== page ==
- Director:Errol Morris
- Cast:Joyce McKinney
- Release Date:September 22, 2011
- Distributor:Antidote Films
- Running time:88 minutes
- Film Worth:$16.00
- FILMINK rates movies out of $20 - the score indicates the amount we believe a ticket to the movie to be worth
Expertly guided by Errol Morris, and featuring a wholly compelling subject, this is a fascinating exploration of truth and memory.
Given the current spate of scandals rocking the tabloid world in general, and Rupert Murdoch's News Of The World in particular, this is a timely release. Seasoned documentarian Errol Morris, who scored a richly deserved Academy Award for 2003's The Fog Of War, dissects the yellow journalism of seventies Britain, using as his scalpel a bizarre story that proves, beyond the shadow of a doubt, that truth is far stranger than fiction.
The twisted tale of former Miss Wyoming Joyce McKinney is the spine of the film. In 1977, she travelled to London and kidnapped - or rescued, according to her - the young Mormon missionary, Kirk Anderson. After several days of sex, which McKinney says was consensual and Anderson swears was not, Anderson fled, and McKinney was caught and arrested... and from there, the story just gets weirder.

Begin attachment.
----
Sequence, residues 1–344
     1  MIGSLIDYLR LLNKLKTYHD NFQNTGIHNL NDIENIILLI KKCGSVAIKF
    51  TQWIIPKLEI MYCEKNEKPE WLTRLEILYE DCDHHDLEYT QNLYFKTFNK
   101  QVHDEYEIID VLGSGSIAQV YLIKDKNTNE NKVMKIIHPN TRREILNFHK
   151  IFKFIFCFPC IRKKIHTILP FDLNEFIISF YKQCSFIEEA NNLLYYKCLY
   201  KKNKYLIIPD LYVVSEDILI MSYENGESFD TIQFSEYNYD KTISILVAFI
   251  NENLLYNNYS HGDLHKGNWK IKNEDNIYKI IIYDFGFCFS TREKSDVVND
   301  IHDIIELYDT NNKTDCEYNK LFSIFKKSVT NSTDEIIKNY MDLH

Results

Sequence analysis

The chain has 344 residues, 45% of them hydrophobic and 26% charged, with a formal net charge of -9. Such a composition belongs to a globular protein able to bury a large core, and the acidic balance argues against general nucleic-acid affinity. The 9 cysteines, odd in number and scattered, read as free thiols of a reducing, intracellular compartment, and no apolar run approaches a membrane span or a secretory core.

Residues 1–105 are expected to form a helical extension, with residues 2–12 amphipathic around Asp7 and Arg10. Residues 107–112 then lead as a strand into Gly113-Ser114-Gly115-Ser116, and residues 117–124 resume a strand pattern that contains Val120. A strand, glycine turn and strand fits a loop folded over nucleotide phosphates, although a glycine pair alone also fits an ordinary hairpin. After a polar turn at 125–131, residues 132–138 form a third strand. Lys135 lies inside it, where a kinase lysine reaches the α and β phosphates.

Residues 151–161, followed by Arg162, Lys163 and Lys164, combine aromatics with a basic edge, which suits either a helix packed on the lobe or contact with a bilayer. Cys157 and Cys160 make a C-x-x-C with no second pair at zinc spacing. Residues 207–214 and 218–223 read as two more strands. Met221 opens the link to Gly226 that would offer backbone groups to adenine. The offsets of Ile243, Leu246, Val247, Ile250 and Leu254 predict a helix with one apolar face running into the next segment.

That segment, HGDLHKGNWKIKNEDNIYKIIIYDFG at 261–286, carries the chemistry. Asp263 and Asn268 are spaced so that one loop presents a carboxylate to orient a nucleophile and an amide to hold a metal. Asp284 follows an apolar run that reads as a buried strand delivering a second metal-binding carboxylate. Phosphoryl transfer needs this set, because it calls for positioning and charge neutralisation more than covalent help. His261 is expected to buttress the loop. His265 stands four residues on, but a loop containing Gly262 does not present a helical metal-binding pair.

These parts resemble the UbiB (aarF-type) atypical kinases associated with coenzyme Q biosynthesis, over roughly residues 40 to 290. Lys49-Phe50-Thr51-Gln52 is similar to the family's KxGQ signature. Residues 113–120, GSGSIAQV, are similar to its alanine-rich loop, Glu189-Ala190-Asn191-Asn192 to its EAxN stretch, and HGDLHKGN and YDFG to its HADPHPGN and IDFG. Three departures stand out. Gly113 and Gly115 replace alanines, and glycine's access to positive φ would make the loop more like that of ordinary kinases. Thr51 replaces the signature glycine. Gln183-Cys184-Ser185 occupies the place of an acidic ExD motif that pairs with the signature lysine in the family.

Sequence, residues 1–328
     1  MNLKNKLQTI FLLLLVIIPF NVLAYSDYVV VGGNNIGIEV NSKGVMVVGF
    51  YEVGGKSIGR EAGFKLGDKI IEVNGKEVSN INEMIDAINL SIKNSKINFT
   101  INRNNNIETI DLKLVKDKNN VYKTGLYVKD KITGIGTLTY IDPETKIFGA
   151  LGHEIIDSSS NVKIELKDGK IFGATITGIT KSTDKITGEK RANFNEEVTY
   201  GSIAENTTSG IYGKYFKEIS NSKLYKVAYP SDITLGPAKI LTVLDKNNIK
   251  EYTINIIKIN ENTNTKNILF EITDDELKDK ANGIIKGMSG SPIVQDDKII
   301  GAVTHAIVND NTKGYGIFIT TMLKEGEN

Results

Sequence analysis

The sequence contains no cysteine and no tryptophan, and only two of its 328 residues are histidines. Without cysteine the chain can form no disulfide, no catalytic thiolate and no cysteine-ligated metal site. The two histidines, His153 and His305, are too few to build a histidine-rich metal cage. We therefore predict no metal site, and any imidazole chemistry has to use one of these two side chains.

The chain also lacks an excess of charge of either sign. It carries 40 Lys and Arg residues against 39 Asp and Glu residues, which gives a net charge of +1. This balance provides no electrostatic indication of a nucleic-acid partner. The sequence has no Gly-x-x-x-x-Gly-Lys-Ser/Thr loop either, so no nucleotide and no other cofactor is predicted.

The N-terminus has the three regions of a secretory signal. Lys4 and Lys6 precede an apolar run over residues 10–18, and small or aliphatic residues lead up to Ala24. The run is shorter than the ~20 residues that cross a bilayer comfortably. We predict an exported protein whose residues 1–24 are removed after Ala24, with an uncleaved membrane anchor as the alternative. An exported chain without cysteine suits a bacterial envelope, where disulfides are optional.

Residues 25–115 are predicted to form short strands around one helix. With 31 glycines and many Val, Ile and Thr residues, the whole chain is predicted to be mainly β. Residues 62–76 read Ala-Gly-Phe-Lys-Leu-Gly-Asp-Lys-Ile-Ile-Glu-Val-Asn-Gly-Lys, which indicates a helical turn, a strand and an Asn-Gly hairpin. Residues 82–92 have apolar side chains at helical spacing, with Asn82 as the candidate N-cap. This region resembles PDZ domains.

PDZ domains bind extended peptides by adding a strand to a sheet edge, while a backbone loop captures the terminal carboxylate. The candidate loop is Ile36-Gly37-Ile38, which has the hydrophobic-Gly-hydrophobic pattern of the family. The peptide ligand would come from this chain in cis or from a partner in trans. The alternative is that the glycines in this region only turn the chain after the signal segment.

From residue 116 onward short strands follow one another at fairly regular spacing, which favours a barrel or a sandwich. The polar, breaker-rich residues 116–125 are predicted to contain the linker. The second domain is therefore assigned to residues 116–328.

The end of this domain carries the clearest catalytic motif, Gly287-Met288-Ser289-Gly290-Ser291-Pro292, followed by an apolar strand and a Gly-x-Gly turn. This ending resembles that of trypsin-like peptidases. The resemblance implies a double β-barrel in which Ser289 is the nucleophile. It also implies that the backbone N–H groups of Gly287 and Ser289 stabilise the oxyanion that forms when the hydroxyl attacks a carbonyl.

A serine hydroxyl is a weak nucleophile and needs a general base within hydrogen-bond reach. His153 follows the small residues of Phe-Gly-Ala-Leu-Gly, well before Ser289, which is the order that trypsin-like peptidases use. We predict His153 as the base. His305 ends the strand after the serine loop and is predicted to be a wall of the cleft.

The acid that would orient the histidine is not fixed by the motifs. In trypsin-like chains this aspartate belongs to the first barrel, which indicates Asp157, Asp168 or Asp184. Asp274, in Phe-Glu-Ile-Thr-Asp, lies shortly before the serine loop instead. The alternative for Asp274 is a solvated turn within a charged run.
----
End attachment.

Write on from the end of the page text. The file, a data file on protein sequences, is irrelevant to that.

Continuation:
The tabloid press had a field day, and it's this that forms the thematic core of the film. Morris wants to talk about the mutable nature of memory and the elusiveness of truth, using McKinney's media frenzy as his case study. Interviews with various figures involved, including reporters who covered the case at the time, as well as McKinney herself, reveal a multifaceted piece of history that goes far beyond the obvious did she/didn't she dichotomy.
McKinney is an interviewer's dream: charming, garrulous, and seemingly shameless. Still protesting her innocence, she presents events as a grand romantic adventure, even as the other interviewees draw a much darker and troubling picture of her. Ultimately, Morris is uninterested in which viewpoint is accurate, but rather focuses on the fascinating ambiguity that exists between them all. Even without such a delicate touch, this would still be worth seeing, if only for the chance to spend time with McKinney, one of the most compelling documentary subjects to come along in some time.